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Bay It Forward: The Case for Optimism in San Francisco Retail

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Mark Twain is said to have noted that the “coldest winter I ever spent was a summer in San Francisco,” and, while that city’s office market has been on ice for sure, retail is giving real estate observers reason to believe that things are going to warm up in the long run.

After all, just because people aren’t going into the office does not mean they’ve left the Bay Area entirely or that they’re unemployed. If anything, they are doing a little shopping, getting a bite to eat, and creating a commercial real estate ecosystem that revolves around more than skyscrapers.

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That’s what brokers and analysts have been trying to say and nobody is listening: that San Francisco isn’t all about empty office towers, rampant homelessness, and drug addicts commandeering public spaces.

Brokers trying to make the best of the San Francisco retail market aren’t blind to the problems in and around the city. They are, however, finding ways to make the market work for them while taking solace in data showing that things are moving in the right direction.

Downtown San Francisco’s retail economic rent, which was calculated by CBRE (CBRE) as the average asking rent multiplied by occupancy rate, was down 14 percent from pre-pandemic levels between the third quarter of 2019 through the third quarter of 2023, but it was up 26 percent on an annual basis.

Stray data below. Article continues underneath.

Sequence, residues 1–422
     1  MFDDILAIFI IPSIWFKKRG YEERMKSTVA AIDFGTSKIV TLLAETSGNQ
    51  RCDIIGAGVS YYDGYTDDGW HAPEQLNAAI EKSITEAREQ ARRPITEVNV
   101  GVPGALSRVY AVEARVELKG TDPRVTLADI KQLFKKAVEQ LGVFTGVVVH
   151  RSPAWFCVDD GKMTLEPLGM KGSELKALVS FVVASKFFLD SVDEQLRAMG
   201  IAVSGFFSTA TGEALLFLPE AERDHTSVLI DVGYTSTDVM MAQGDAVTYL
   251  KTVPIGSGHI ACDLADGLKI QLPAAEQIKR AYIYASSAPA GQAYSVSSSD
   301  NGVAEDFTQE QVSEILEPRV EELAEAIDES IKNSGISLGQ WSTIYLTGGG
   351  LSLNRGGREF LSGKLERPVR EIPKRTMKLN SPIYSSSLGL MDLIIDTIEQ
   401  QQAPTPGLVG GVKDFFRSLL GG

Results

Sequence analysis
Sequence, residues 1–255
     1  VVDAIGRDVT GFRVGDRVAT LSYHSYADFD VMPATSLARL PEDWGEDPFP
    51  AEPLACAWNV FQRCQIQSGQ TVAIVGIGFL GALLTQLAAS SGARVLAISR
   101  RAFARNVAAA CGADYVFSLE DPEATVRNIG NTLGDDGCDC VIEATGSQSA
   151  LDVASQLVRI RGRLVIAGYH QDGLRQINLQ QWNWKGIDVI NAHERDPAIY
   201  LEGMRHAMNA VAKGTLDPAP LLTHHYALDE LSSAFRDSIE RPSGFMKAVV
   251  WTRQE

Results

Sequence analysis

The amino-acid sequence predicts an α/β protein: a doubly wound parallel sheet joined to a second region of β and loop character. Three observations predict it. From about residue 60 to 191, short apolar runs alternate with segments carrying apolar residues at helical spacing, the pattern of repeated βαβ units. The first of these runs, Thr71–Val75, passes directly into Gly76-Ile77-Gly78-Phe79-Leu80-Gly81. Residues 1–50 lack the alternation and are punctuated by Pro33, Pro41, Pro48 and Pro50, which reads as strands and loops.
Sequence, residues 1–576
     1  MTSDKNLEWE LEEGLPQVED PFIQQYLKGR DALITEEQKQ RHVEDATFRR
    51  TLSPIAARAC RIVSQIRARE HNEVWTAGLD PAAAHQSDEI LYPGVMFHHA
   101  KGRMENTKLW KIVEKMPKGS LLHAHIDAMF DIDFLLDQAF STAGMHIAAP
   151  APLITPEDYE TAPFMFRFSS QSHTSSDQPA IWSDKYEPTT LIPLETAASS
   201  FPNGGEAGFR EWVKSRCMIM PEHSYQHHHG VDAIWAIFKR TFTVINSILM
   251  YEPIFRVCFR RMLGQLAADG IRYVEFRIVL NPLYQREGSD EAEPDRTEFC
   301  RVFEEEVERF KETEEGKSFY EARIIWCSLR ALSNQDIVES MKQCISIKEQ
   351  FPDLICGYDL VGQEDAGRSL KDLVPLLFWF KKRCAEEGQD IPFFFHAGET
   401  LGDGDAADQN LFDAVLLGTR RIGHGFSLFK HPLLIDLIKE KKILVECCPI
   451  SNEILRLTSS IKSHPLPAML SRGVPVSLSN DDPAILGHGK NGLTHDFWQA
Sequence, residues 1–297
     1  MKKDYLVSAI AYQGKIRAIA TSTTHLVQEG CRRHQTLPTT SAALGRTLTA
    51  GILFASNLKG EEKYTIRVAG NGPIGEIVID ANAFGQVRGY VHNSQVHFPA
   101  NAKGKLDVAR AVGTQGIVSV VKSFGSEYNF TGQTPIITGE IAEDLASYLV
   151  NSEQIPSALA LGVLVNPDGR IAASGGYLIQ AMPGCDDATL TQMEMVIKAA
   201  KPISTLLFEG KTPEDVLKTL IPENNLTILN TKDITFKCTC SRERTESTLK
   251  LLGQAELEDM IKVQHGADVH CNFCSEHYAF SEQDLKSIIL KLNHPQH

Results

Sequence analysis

Foot traffic in Union Square, an upscale retail drag, was down 45 percent in October from pre-pandemic levels, according to CBRE, with many of those shoppers instead going to nearby Fillmore Street, where foot traffic grew 1 percent over pre-pandemic levels as of the end of the third quarter and grew 13 percent year-over-year.

By the end of the fourth quarter, Union Square’s vacancy had hit 20.5 percent, an 18.7 percent quarterly increase from 14.2 percent at the end of 2022, according to a report from Cushman & Wakefield, which noted that citywide retail vacancy had hit its highest point in recorded history.

But Union Square is hardly losing out on customers entirely after Banana Republic, Ikea and Chotto Matte signed deals and opened in 2023, contributing to a 3 percent increase in foot traffic year-over-year. The Cushman & Wakefield report noted that a foot traffic report from business improvement district Union Square Alliance showed the total number of visitors increased in 2023 by 7.3 percent from 2022, equaling 13.4 million for the year.

Suburban markets are performing the best in the Bay Area, with rent in South San Francisco, Daly City and Brisbane growing consistently over 5 percent from pre-pandemic levels.

Ben Lazzareschi, managing director and retail broker for JLL (JLL) in San Francisco, sees retail in the Bay Area as something resilient but unpredictable, with the pandemic unseating the old, reliable patterns. The city has also become a “punching bag” for pundits when its problems are hardly unique, he told Commercial Observer.